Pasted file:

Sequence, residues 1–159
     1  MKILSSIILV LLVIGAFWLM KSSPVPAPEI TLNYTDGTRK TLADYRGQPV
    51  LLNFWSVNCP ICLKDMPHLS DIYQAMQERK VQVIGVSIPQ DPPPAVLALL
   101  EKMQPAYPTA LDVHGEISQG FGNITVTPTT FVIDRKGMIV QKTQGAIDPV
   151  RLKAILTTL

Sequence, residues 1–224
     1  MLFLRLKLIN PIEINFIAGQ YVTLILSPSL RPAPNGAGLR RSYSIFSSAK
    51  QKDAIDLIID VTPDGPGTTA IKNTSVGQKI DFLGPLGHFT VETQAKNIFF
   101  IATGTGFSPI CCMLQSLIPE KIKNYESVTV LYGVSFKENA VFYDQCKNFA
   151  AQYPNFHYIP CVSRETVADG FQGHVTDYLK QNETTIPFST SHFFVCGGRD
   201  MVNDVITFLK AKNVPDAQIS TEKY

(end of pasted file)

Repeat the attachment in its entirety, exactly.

Sequence, residues 1–159
     1  MKILSSIILV LLVIGAFWLM KSSPVPAPEI TLNYTDGTRK TLADYRGQPV
    51  LLNFWSVNCP ICLKDMPHLS DIYQAMQERK VQVIGVSIPQ DPPPAVLALL
   101  EKMQPAYPTA LDVHGEISQG FGNITVTPTT FVIDRKGMIV QKTQGAIDPV
   151  RLKAILTTL

Sequence, residues 1–224
     1  MLFLRLKLIN PIEINFIAGQ YVTLILSPSL RPAPNGAGLR RSYSIFSSAK
    51  QKDAIDLIID VTPDGPGTTA IKNTSVGQKI DFLGPLGHFT VETQAKNIFF
   101  IATGTGFSPI CCMLQSLIPE KIKNYESVTV LYGVSFKENA VFYDQCKNFA
   151  AQYPNFHYIP CVSRETVADG FQGHVTDYLK QNETTIPFST SHFFVCGGRD
   201  MVNDVITFLK AKNVPDAQIS TEKY